1. The barricade in the rivers, or the militarized borders, that are being proposed by your government (starting from the Sundarbans) in the name of reducing illegal transport of goods and people will only prevent the free roaming of the Royal Bengal Tigers. Let’s re-think this plan. Do we really want to prevent India from being a top destination for tourists in search of spirituality? Or, worse, do we want a border that looks like the US-Mexico border where unaccompanied children are abused and killed in the name of protecting the borders? No, right? I didn’t think so. I’m glad we can agree.
  1. Let’s also stop labeling people in Assam (and the Northeast) as “Illegal Bangladeshis” please? They don’t like it. We don’t like it. It’s a complete lose-lose situation. (Please please refer to my last letter for details: https://alalodulal.org/2014/05/14/open-letter-to-narendra-modi/.)
  2. From what I know, we, Bangladesh, have helped greatly with your issues with “terrorism” and other security related matters, and while it is unclear what that exactly means, there seems to be consensus on both sides that our help has benefited you. Don’t believe me? Just google Manik Sarkar. (I say this as a reminder that we are friends, and friends have each others’ backs.)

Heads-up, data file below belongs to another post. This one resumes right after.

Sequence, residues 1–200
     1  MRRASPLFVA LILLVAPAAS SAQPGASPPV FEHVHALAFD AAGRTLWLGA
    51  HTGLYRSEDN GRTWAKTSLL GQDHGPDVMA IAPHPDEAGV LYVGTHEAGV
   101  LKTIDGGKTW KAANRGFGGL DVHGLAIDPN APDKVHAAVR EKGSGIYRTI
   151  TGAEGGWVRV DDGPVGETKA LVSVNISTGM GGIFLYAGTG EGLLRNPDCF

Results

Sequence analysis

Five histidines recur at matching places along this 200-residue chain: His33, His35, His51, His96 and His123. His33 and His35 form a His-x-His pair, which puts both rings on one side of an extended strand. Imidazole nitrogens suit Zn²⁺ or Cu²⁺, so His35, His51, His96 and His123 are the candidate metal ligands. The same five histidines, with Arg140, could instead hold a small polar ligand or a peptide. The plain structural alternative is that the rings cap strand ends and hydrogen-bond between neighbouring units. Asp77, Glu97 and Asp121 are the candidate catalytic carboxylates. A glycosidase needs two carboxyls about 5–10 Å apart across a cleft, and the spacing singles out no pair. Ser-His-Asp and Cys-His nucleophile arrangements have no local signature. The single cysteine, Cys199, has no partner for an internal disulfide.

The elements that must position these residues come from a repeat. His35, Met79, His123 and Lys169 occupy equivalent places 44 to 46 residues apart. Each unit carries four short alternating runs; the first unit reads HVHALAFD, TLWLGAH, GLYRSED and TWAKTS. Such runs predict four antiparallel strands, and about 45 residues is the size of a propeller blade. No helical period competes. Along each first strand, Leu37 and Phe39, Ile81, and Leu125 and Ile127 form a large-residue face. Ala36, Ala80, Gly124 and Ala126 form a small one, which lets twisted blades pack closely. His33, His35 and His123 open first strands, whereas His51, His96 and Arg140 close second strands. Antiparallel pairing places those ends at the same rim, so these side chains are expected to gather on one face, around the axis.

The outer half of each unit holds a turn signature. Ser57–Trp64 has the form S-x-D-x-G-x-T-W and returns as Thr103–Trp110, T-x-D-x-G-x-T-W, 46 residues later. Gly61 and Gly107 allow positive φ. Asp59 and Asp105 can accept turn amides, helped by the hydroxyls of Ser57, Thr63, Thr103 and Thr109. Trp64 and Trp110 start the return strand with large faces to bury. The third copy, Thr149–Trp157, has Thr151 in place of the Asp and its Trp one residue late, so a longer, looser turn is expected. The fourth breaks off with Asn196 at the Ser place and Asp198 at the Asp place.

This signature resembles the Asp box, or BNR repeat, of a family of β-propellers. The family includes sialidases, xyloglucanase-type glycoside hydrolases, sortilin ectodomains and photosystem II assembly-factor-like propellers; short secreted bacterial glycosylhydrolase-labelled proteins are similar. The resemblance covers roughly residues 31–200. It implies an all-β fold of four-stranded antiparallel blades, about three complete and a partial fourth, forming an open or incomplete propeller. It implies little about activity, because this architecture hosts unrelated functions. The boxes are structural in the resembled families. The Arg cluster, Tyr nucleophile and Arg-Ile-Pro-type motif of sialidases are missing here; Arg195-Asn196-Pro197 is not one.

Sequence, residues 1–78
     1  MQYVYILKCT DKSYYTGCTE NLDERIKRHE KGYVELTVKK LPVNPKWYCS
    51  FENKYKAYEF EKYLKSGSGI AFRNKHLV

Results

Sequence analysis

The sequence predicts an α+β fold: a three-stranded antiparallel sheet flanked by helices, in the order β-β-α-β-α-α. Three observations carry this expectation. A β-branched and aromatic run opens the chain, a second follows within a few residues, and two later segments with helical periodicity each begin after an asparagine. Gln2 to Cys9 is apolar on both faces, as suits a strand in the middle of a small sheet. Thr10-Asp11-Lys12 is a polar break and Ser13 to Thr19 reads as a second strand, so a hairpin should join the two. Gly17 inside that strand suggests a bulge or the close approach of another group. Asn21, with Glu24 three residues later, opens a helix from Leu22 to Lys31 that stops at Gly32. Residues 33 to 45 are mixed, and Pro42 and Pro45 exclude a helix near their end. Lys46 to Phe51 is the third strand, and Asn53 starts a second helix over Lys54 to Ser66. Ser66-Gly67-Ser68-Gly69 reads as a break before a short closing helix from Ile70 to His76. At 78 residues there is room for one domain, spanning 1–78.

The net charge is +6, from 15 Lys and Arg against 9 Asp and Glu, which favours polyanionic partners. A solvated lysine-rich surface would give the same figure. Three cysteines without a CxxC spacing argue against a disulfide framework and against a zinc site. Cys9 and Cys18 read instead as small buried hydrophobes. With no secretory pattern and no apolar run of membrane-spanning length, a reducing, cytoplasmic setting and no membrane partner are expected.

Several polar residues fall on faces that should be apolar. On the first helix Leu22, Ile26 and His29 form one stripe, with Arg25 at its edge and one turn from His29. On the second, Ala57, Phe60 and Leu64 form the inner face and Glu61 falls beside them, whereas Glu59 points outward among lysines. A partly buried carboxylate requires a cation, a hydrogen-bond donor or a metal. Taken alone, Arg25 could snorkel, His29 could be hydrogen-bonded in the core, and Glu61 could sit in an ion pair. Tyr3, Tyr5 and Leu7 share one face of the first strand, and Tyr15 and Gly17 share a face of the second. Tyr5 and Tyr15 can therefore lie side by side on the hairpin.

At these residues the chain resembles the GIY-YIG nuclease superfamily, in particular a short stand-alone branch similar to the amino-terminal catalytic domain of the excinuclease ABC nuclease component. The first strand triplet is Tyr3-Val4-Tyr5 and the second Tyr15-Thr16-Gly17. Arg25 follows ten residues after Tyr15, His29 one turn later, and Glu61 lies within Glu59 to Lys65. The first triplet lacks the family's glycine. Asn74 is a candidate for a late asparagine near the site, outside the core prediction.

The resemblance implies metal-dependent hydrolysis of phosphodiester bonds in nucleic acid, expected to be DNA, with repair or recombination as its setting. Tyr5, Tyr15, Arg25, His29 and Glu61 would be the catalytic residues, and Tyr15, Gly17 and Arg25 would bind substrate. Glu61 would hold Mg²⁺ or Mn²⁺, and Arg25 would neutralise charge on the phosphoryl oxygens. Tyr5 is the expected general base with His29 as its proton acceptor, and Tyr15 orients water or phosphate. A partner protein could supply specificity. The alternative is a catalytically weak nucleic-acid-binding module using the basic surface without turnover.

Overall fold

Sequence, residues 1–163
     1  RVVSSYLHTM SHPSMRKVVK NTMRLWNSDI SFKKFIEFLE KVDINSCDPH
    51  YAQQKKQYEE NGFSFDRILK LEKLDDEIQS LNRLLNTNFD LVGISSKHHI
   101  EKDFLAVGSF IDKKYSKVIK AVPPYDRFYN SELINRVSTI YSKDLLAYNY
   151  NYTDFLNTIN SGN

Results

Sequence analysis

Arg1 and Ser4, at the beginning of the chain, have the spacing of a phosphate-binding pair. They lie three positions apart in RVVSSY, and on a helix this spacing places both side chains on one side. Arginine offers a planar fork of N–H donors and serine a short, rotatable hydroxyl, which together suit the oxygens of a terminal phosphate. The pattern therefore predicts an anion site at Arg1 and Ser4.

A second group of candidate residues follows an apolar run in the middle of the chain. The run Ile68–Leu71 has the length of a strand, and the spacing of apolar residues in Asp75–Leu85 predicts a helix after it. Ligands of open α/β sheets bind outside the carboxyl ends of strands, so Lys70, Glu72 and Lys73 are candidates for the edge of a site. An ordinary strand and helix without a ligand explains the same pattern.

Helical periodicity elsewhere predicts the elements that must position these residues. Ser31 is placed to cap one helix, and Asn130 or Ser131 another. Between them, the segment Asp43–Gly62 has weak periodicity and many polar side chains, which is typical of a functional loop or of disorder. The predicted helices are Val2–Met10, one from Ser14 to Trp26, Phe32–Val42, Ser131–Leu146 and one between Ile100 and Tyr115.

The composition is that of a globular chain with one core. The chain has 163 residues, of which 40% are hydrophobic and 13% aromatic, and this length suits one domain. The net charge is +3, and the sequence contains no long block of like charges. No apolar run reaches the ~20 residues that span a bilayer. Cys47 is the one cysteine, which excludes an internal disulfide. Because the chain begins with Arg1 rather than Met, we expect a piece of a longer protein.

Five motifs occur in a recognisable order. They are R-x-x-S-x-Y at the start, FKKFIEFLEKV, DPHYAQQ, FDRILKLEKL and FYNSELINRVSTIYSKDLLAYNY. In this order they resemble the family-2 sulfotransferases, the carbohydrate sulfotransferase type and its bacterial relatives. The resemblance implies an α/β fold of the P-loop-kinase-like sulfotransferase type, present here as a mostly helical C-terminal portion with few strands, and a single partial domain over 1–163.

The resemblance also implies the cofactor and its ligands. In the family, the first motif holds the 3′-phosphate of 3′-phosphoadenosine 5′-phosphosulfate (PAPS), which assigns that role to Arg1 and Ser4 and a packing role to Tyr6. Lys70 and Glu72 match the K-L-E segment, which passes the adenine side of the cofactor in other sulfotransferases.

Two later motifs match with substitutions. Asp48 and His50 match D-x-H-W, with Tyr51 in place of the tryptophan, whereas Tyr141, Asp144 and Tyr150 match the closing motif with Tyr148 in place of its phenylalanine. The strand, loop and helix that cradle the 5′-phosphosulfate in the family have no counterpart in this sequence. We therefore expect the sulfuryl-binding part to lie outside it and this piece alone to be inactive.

1. Visa-free entry to India. Possible? No? Okay. Then just make it simpler to negotiate. Just like we were a good sport about making the Kolkata-Agartala transit deal, which was, if you remember, our bargaining chip for Teesta. Transit for Teesta, we called it (or maybe it was just me). And now you have “Transit” while we’re still awaiting “Teesta.” Something has to give, Mr. Modi, something…
  1. The upcoming test series. The Indian cricket team will be here in Dhaka, following in your footsteps, for a one-off test series. While that is just a ‘game’ I am sure you will see a lot of angst on this side of the border. And, trust me it has nothing to do with the cricket game as such —other than that umpiring fiasco in the World Cup— but connected to all of the above, and some more, like the mindless border killings that still go on every now and then, for one. So, let’s in true sportsman spirit play a gentleman’s game, is all I ask.